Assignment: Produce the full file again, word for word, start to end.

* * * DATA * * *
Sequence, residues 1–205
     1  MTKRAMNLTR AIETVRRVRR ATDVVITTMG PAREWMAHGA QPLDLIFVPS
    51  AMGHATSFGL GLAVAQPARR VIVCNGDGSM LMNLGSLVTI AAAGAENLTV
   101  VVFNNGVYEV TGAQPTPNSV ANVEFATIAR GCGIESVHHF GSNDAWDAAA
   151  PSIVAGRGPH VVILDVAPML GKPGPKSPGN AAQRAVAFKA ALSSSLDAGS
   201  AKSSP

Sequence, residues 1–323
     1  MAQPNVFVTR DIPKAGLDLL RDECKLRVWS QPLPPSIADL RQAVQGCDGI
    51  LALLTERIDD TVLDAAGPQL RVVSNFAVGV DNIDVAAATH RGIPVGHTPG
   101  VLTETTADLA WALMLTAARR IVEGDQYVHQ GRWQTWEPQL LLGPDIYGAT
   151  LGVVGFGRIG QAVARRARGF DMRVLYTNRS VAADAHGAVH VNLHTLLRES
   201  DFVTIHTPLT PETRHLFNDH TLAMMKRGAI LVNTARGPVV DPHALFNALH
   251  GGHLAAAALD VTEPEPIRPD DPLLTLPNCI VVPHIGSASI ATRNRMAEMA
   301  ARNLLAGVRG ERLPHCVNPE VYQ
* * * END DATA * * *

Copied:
Sequence, residues 1–205
     1  MTKRAMNLTR AIETVRRVRR ATDVVITTMG PAREWMAHGA QPLDLIFVPS
    51  AMGHATSFGL GLAVAQPARR VIVCNGDGSM LMNLGSLVTI AAAGAENLTV
   101  VVFNNGVYEV TGAQPTPNSV ANVEFATIAR GCGIESVHHF GSNDAWDAAA
   151  PSIVAGRGPH VVILDVAPML GKPGPKSPGN AAQRAVAFKA ALSSSLDAGS
   201  AKSSP

Sequence, residues 1–323
     1  MAQPNVFVTR DIPKAGLDLL RDECKLRVWS QPLPPSIADL RQAVQGCDGI
    51  LALLTERIDD TVLDAAGPQL RVVSNFAVGV DNIDVAAATH RGIPVGHTPG
   101  VLTETTADLA WALMLTAARR IVEGDQYVHQ GRWQTWEPQL LLGPDIYGAT
   151  LGVVGFGRIG QAVARRARGF DMRVLYTNRS VAADAHGAVH VNLHTLLRES
   201  DFVTIHTPLT PETRHLFNDH TLAMMKRGAI LVNTARGPVV DPHALFNALH
   251  GGHLAAAALD VTEPEPIRPD DPLLTLPNCI VVPHIGSASI ATRNRMAEMA
   301  ARNLLAGVRG ERLPHCVNPE VYQ